D1.1 Report on efficiency of T. harzianum to remove pharmaceuticals 1 UM 12
D1.2 Report on enantiomeric fractionation tool 1 UM 18
D1.3 Report on attenuation of pesticide/pharmaceutical in soil 1 NIBIO/UM 36
D2.1 Vademecum of plant extraction methods 2 HMGU 12
D2.2 Kinetic data and stress parameters transferred to WP4 2 HMGU 24
D2.3 Report on metabolic pathways and products in plants 2 HMGU 30.
D2.4 Assessment of PPCP uptake, and evaluation of bioassays 2 CSIC 36
D3.1 Report on analytical results 3 UM 34
D3.2 Report on riperian strip zones to prevent pesticide runoff 3 NIBIO 35
D3.3 Report on risk assessment 3 UM 36
D4.1 Assessment of the impact of model pesticides and drugs on the diversity, abundance and activity of soil microorganisms 4 INRA 32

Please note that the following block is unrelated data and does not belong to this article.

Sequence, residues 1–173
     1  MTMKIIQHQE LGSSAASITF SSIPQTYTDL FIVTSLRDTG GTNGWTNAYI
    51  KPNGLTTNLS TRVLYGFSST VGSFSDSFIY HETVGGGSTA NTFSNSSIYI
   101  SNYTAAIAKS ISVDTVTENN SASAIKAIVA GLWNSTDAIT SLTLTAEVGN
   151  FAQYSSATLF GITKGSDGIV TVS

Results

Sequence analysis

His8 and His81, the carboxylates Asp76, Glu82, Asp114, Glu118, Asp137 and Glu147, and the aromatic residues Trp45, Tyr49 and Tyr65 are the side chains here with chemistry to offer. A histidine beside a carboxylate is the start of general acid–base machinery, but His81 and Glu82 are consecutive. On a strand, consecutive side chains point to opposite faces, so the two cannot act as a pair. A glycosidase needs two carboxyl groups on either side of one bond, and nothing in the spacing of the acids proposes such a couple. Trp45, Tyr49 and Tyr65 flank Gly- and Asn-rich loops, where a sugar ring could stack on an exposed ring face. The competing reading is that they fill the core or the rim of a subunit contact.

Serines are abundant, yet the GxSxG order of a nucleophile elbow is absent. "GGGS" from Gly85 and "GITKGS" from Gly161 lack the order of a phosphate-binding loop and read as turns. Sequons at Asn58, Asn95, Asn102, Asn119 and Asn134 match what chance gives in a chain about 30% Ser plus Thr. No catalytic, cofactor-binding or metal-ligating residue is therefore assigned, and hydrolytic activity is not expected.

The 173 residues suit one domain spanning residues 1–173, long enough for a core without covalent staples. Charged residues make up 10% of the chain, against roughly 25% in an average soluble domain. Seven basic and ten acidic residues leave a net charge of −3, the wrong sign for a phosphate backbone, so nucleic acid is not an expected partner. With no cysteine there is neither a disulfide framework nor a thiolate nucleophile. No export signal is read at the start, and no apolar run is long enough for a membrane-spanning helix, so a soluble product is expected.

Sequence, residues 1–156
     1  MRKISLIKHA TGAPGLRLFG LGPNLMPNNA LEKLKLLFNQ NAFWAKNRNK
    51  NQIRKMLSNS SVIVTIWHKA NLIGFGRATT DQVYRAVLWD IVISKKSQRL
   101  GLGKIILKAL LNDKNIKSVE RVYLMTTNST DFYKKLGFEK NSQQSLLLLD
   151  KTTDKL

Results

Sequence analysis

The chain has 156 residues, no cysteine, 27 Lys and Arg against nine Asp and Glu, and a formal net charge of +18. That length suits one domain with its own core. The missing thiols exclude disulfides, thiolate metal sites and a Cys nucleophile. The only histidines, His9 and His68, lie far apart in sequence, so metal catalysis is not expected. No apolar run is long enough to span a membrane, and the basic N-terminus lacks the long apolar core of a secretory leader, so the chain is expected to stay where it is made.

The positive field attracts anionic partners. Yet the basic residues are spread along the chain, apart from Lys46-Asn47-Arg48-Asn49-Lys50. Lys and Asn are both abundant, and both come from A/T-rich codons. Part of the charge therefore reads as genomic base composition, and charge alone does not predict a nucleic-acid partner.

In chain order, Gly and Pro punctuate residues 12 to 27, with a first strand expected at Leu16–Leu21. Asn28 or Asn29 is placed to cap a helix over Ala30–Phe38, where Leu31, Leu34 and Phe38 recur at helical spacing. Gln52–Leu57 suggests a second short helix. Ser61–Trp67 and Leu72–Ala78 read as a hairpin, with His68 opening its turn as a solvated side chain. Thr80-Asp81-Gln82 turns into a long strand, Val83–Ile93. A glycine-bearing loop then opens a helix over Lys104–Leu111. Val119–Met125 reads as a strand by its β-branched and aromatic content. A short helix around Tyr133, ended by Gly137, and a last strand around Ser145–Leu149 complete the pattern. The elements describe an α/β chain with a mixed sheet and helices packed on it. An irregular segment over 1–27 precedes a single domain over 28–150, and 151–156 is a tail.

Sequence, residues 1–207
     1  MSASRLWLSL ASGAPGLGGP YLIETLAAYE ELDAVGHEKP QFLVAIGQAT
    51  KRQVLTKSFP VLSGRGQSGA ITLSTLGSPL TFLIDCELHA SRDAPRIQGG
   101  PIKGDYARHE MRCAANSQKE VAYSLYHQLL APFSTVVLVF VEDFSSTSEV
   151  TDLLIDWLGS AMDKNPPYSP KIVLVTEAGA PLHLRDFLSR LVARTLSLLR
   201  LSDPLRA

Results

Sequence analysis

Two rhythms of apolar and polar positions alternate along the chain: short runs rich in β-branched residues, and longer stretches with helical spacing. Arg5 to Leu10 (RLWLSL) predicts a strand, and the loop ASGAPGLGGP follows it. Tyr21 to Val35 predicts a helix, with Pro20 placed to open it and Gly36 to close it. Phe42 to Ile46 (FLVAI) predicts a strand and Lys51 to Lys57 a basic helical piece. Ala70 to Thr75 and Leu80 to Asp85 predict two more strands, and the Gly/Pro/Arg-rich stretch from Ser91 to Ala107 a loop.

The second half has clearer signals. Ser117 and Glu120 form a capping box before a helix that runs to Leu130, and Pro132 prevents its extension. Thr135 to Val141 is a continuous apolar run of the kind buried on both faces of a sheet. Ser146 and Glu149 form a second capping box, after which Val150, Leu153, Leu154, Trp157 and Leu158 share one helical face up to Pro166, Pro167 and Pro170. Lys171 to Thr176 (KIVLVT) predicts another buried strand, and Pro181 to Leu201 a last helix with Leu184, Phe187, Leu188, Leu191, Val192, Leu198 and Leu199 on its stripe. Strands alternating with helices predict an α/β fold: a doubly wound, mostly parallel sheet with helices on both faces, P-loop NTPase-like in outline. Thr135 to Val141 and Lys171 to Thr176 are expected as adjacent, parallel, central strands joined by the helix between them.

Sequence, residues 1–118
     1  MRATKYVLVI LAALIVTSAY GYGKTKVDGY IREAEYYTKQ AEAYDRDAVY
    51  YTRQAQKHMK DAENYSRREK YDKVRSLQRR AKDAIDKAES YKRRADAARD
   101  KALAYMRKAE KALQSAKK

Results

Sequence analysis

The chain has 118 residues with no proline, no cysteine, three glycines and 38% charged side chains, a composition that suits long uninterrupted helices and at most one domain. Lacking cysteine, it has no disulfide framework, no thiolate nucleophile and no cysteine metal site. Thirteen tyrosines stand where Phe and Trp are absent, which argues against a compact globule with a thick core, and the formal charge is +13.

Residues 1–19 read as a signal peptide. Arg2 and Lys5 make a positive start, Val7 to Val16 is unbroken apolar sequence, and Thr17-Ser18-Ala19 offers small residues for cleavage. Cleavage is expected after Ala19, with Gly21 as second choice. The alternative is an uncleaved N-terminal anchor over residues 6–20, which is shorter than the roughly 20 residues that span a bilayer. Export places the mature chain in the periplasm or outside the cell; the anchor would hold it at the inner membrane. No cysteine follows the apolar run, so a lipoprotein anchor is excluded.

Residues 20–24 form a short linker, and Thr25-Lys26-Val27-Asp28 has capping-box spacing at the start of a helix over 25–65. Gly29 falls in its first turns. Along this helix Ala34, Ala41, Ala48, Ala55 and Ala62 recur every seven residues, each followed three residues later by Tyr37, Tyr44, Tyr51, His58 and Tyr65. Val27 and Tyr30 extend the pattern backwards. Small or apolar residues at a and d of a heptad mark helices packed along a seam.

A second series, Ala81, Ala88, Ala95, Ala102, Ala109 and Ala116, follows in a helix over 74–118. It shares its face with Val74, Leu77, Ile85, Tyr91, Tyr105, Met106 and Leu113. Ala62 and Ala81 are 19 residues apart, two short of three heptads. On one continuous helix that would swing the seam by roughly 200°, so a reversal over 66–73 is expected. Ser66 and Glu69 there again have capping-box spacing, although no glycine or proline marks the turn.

D4.2 Evaluation of the adaptation of soil microorganisms to biodegradation and repeated exposure to pesticide and drugs 4 INRA 34
D4.3 Estimation of the phytoxicity by monitoring the production of plant hormones in response pesticide and drugs residues 4 UM 34
D4.4 Assessment of L. terrestris role in PPCP degradation 4 CSIC 36
D4.5 Response of carboxylesterases to PPCP exposure 4 CSIC 36
D5.1 Recruitment advertisements 5 all 1
D5.2 Organization of a session in SETAC meeting (Rome 2018) 5 all 13
D5.3 Scientific book (manuscripts ready to be submitted) 5 CSIC 33
D5.4 Final meeting 5 CSIC 34

References coordinator and  leaders of  each WP:
WP1 - T. Eggen
WP2 - P. Schröder
WP3 - S. Chiron
WP4 - F. Martin-Laurent
WP5 - D. Barceló

Contact Point for  Communication/Dissemination activities: D. Barceló

Contact Point for Open Data/Open Access activities: D. Barceló

Results of the project: Data and resources

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published on 2017/03/23 10:00:00 GMT+1 last modified 2019-07-31T13:24:46+01:00